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International Journal of Modern Engineering Research (IJMER) Vol.2, Issue.6, Nov-Dec.

2012 pp-4083-4085 ISSN: 2249-6645

Pulse Detonation Engine - A Next Gen Propulsion

T K Jindal
Assistant Professor PEC University of Technology Chandigarh.

Abstract: Pulse detonation technology has the potential to

revolutionise both in-atmosphere and space flight. Having an engine capable of running efficiently at Mach 5 will not only allow for faster, more efficient intercontinental travel, but will also change the way spacecrafts are launched. The preset paper discuss about the applications of Pulse detonation engines and different possible variants of the engine.

Key words: Pulse detonation, deflagration, detonation,


The main differences between the PDE and the conventional internal combustion engine is that in the PDE the combustion chamber is open and no moving parts are used to compress the mixture before ignition and no shaft work is extracted. Instead the compression is an integral part of the detonation, and two of the main advantages of the PDE are the efficiency and simplicity which can be

explained by the fact that the combustion occurs in detonative mode. The efficiency of the cycle can be explained by the high level of pre compression due to the strong shock wave in the detonation. Also, the simplicity of the device is a result of the fact that the shock wave responsible for this compression is an integral part of the detonation. PDE is similar to both the pulse-jet and the ram jet engine as no moving part is present in these engines. But in those two cases the mechanism behind the precompression is completely different. For the pulse-jet the pre-compression is a result of momentum effects of the gases, and is a part of the resonance effects of the engine. In the ramjet, pre-compression is obtained through the ram effects as the air is decelerated from supersonic to subsonic. The major drawback with this concept is that the engine is ineffective for speeds lower than around M =2. The pulse detonation engine works on Humphrey cycle whereas gas turbines work on Brayton cycle. The cycles are as shown in the figure-1.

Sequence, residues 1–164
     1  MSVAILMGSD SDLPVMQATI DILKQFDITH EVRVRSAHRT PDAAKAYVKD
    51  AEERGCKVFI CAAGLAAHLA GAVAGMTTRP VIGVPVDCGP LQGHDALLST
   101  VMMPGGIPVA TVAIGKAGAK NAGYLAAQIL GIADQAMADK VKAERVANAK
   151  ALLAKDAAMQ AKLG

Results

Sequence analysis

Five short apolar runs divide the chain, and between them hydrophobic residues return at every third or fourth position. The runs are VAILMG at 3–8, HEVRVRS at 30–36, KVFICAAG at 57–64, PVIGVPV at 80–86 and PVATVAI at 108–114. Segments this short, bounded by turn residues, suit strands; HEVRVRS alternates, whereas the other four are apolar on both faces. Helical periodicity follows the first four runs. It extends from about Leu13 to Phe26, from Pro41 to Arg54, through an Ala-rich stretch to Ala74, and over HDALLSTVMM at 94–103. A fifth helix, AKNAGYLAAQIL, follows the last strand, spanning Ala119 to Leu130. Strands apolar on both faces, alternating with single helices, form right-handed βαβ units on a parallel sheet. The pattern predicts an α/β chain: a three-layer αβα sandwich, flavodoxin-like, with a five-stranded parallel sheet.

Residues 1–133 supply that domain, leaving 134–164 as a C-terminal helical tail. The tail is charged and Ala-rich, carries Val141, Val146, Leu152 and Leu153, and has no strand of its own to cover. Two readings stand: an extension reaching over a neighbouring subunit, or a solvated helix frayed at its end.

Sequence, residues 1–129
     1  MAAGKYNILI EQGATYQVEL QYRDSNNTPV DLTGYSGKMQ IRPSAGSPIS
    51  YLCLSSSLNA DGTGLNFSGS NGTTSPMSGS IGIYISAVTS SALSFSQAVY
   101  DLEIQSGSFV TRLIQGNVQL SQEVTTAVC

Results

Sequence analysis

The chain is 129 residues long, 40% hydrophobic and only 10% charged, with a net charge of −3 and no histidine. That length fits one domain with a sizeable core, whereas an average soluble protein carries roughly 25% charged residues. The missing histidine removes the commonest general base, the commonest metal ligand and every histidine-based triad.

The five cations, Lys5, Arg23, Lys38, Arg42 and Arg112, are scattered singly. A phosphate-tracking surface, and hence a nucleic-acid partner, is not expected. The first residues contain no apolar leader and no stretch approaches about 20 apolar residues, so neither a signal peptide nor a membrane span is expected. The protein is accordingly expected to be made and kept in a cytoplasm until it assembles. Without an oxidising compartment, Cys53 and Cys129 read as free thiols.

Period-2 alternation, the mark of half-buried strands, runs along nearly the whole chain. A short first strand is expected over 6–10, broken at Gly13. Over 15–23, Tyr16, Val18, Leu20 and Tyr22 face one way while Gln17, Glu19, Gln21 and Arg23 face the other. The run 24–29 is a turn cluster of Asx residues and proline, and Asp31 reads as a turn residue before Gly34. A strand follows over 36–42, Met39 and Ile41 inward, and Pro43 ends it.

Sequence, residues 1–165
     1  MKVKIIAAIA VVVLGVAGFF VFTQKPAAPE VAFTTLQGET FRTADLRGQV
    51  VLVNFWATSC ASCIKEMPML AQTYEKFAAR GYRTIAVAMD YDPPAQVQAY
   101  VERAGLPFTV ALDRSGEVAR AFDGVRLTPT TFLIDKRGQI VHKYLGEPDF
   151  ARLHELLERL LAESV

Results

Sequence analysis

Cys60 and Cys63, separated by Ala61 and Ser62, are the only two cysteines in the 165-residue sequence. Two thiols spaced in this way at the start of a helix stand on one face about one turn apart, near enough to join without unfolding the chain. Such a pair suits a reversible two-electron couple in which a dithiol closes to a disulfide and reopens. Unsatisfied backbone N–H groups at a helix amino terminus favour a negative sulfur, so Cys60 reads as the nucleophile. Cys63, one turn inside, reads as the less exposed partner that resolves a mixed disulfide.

Comparison of Humphery and Brayton Cycle. them an ideal form of propulsion for missiles, unmanned vehicles, and other small-scale applications (NASA Glenn Research Center 2004). The decrease in efficiency of PDEs at higher Mach numbers, the noise generated by them, and the advantages of using them in a hybrid combination, means that pure PDEs will likely not be used often for large-scale applications (Marshall Space Flight Center 200). 2.2 Hybrid Pulse Detonation Applications Pulse detonation engines are well-suited for combination with turbofan and turbojet engines. This hybrid combination can be applied not only to produce faster aircraft, but also to make them more efficient and environmentally friendly. In a conventional turbofan engine, air travels into and around the combustion chamber. The air 4083 | Page